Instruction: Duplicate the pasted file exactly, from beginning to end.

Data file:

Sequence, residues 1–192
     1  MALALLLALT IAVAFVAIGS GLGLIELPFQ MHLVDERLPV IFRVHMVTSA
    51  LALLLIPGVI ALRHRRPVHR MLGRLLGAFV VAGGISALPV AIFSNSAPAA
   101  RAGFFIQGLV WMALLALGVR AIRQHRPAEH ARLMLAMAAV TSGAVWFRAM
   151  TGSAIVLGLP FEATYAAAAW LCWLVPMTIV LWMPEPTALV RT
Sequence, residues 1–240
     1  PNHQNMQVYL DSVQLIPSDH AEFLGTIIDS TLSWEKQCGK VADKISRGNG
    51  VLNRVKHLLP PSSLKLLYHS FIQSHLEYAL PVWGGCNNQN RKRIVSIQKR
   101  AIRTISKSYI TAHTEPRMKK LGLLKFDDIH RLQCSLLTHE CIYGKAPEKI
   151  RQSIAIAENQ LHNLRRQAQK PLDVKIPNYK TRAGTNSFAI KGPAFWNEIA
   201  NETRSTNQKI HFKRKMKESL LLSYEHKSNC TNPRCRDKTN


Sequence, residues 1–192
     1  MALALLLALT IAVAFVAIGS GLGLIELPFQ MHLVDERLPV IFRVHMVTSA
    51  LALLLIPGVI ALRHRRPVHR MLGRLLGAFV VAGGISALPV AIFSNSAPAA
   101  RAGFFIQGLV WMALLALGVR AIRQHRPAEH ARLMLAMAAV TSGAVWFRAM
   151  TGSAIVLGLP FEATYAAAAW LCWLVPMTIV LWMPEPTALV RT
Sequence, residues 1–240
     1  PNHQNMQVYL DSVQLIPSDH AEFLGTIIDS TLSWEKQCGK VADKISRGNG
    51  VLNRVKHLLP PSSLKLLYHS FIQSHLEYAL PVWGGCNNQN RKRIVSIQKR
   101  AIRTISKSYI TAHTEPRMKK LGLLKFDDIH RLQCSLLTHE CIYGKAPEKI
   151  RQSIAIAENQ LHNLRRQAQK PLDVKIPNYK TRAGTNSFAI KGPAFWNEIA
   201  NETRSTNQKI HFKRKMKESL LLSYEHKSNC TNPRCRDKTN